Updated: Jan 10
The selective school test can seem like a daunting task for any year 6 student. It is one of the first times they experience an exam situation, and it can make young students feel stressed and pressured to perform.
In light of this, we wanted to share some ways to best prepare for the selective school test and help students feel well prepared for when test day arrives!
The first step to any exam preparation is to complete a sample test. This will allow you to become familiar with the exam process and the types of questions that may be asked.
Starting your preparation with a sample test also allows you to pin point specific strengths and weaknesses. Knowing your strengths and weaknesses at the beginning of your exam preparation allows you to clearly see what to focus on when studying.
We don’t recommend keeping to a strict time limit when completing the first sample test, as this test should be used as an indication of which types of questions need more practice. If students feel rushed when completing the first sample test, they can make little mistakes that they would not normally make, which does not give a good indication of whether they have understood the exam.
Explain your answers to others
Once you have completed and marked your first sample test, it is a good idea to explain the answers you may have gotten wrong to another person.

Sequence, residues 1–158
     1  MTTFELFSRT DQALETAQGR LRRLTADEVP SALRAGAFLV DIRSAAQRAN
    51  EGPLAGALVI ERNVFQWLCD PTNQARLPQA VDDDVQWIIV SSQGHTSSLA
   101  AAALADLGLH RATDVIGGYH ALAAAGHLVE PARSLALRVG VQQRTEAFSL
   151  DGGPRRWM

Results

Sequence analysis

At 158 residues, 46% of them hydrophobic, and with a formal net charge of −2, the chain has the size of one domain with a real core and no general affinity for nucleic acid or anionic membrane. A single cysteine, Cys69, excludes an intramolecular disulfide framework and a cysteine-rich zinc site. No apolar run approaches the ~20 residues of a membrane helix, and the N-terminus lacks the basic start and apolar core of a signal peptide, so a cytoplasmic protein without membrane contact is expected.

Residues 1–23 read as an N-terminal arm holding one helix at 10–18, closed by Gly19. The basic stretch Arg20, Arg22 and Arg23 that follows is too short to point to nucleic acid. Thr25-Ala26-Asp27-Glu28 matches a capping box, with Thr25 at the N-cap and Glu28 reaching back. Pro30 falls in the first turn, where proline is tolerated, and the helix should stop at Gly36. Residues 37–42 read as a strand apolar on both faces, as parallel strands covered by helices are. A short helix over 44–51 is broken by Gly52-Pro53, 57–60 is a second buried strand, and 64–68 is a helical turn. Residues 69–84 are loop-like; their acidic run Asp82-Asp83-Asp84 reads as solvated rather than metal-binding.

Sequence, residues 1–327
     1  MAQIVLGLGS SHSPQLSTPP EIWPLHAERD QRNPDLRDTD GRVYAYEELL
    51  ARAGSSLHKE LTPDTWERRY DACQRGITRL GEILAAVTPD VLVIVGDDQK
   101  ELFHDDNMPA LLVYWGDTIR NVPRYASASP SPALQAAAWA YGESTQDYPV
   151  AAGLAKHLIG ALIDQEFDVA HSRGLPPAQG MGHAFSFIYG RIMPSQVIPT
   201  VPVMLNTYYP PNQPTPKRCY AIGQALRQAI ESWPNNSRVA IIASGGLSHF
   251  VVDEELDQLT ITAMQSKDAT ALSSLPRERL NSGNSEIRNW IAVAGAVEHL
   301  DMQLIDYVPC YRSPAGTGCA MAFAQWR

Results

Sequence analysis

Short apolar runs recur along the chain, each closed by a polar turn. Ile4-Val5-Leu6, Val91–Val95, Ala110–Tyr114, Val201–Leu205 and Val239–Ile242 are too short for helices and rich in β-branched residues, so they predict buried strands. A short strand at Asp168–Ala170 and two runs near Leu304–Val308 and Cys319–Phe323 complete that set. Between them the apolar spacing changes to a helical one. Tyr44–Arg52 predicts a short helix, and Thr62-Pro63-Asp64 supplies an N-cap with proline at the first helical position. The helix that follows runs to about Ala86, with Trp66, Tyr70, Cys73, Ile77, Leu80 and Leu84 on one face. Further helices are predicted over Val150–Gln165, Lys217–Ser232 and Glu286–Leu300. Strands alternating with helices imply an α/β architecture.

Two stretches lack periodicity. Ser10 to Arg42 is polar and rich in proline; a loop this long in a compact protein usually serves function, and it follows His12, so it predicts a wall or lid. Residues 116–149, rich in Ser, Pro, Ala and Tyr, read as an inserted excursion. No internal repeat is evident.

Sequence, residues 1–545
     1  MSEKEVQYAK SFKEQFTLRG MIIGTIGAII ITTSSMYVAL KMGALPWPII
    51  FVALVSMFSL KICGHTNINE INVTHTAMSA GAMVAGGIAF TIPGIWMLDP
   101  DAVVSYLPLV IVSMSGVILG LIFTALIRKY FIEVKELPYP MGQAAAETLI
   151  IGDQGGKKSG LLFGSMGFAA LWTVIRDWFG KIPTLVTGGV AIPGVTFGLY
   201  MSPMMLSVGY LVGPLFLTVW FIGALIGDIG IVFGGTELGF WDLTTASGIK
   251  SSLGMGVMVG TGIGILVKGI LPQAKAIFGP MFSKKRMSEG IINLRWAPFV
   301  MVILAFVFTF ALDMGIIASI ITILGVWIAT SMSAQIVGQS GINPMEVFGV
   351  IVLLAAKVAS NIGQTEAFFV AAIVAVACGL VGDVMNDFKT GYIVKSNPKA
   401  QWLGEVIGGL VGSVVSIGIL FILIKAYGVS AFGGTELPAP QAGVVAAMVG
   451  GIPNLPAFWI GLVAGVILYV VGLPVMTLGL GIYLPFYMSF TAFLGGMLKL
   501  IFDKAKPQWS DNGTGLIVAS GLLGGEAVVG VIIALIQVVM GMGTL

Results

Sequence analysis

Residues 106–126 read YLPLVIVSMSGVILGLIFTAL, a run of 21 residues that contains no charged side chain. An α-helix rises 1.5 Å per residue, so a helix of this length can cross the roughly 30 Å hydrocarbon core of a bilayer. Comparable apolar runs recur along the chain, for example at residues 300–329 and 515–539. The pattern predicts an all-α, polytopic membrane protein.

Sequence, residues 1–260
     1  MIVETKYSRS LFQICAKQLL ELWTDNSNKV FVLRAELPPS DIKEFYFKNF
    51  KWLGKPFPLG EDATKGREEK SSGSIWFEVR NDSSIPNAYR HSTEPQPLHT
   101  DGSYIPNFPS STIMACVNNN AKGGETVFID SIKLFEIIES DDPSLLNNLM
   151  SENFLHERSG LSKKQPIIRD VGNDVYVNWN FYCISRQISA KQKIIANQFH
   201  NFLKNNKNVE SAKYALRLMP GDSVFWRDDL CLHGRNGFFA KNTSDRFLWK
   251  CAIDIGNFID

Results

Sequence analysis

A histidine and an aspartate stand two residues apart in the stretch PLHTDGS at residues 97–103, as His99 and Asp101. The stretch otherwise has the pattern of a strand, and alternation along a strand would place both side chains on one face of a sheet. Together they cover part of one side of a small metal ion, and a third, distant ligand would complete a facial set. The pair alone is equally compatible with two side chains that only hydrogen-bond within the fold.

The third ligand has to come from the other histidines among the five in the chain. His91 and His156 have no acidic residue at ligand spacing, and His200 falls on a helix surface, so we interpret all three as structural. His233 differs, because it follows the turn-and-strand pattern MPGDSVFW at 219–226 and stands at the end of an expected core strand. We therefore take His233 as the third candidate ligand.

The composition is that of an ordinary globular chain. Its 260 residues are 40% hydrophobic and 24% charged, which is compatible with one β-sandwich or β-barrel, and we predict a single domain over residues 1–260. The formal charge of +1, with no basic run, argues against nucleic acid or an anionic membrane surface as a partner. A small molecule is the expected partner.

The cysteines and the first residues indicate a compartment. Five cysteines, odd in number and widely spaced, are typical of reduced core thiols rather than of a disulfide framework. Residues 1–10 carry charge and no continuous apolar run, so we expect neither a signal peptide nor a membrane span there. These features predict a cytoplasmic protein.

This can allow you to understand why you may have answered a question incorrectly, and give you the opportunity to ask about parts of the question you did not understand. Another benefit is that the other person can explain the correct answer to you from a different perspective, in a way you may not have thought.
Split your week in two
The selective school test consists of 4 tests in total:
20 minute writing test
40 minute general ability test (60 questions)
40 minute reading test (45 questions)
40 minute mathematics test (40 questions)
A good way to prepare for the test is to split your study week in two! This allows you to keep interest in your study, rather than getting bored and unmotivated revising the same content each week.
For more information on the selective school test, click here.